Cholera, The Blue Death

By: Makayla Mergenthaler

The Causes of Cholera

Cholera is a disease caused by a bacteria called Cholerea. The bacteria is transferred to humans through unsanitary water. Natural disasters such as, earthquakes, floods, hurricanes, etc. can cause people to live in confined, unsanitary places. When many people are in close contact, the disease can spread very quickly. Usually Cholera is only an issue if the place you are staying is unsanitary and very tight.


The symptoms of Cholera are, diarrhea, nausea, vomiting, dehydration, shock, muscle cramps, bluish pale skin, and death. Symptoms typically appear in 2-3 days after you are affected by the bacteria. Symptoms get worse and worse as the disease progresses. If a person with cholera goes untreated, they often die from the disease.

Organs Affected

Cholera is an intestinal infection. Some of the bacteria is killed by the stomach acid but some can still affect the small intestine. When the bacteria affects the small intestine, this causes the body to loose large amounts of water and salt, which causes the diarrhea, nausea, vomiting and dehydration.

Avoiding Cholera

When you are in a foreign country or someplace that has unsanitary water, watch what you eat and drink.Practice good hygiene, drinking purified water and eating safely prepared food. Use one of the following to clean your water, boil your water, bleach your water, buy bottled water, or use good filtering products.

The Zimbabwe Cholera Outbreak!

The outbreak in Zimbabwe begun in the month of August, 200. The disease spread very quickly throughout the country. So, quickly that in about three months 95% of the countries districts were affected. By the end of the outbreak, there had been 96,000 cases and 4,200 deaths. Most of the hospital had been closed because, of the lack of supplies to treat Cholera. Zimbabwe was very unsanitary especially the water. Soon water samples were collected and The Cholerea bacteria was identified.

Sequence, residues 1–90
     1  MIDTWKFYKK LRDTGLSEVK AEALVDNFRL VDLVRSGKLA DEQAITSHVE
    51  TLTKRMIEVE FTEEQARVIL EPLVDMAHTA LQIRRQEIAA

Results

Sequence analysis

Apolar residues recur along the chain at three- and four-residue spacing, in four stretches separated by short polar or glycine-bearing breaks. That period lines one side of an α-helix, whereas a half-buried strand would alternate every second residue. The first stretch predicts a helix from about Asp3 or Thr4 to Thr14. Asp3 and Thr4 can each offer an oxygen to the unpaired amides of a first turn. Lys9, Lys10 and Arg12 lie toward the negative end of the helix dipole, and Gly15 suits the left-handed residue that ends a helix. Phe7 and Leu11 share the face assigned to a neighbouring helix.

The Haiti Cholera Outbreak!

The outbreak in Haiti begun in the month of March, 2014 after hurricane Sandy struck. There were 470,000 cases and 6,631 deaths. More than 6% of Haitian's were affected by the disease. Soon the hospitals were filled with people affected by Cholera and most couldn't take any more in. The Cholera in Haiti still going on today but, not as deathly.

Life Straw

13 billion people die each year form water born illnesses and Life Straw hopes to stop that. Life Straw is a portable filter to suck the water from a lake or an unsanitary water source and make it clean and fresh. it uses a carbon filter and membrane filter and it comes out clean and fresh. Life straw has Made a goal that by the end of 2015, 50% of the people in the world have clean and fresh water.

Similar Diseases

Similar diseases to Cholera are:

E. Coli








There are many ways to treat Cholera. But, these are the most common, Rehydration therapy, when a person drinks water mixed with sugar and salt, while continuing to eat. This is used for improving your energy levels and nutrition in your body. Another way, is Antibiotic Treatment. Antibiotic treatment, reduces fluid requirements and the continuing of illness it is used for severe cases of cholera. The last most common treatment is Zinc Treatment. Zinc Treatment is for ages 3-14. Zinc is another way to restore the right nutrition in your body and stop diarrhea.


Cholera is most commonly found in:



Latin America


the Middle East


Works Cited

"AGUA FOR HAITI. Final Report. January 8, 2012 | Haiti |" AGUA FOR HAITI. Final Report. January 8, 2012 | Haiti | Web. 17 Dec. 2014.

"Britannica School." Britannica School. Web. 11 Dec. 2014.


"Cholera Bactieria." Flickr. Yahoo! Web. 16 Dec. 2014.

"Cholera." Cholera. Web. 04 Dec. 2014.

"Cholera." KidsHealth - the Web's Most Visited Site about Children's Health. Ed. Larissa Hirsch. The Nemours Foundation, 01 Aug. 2011. Web. 03 Dec. 2014.

"Cholera." Mayo Clinic. Mayo Clinic. Web. 30 Nov. 2014.

"Natural Killer: Dirty Water Is a Child Killer We Can Stop - Girls Just Wanna Have Guns." Girls Just Wanna Have Guns. 12 May 2014. Web. 19 Dec. 2014.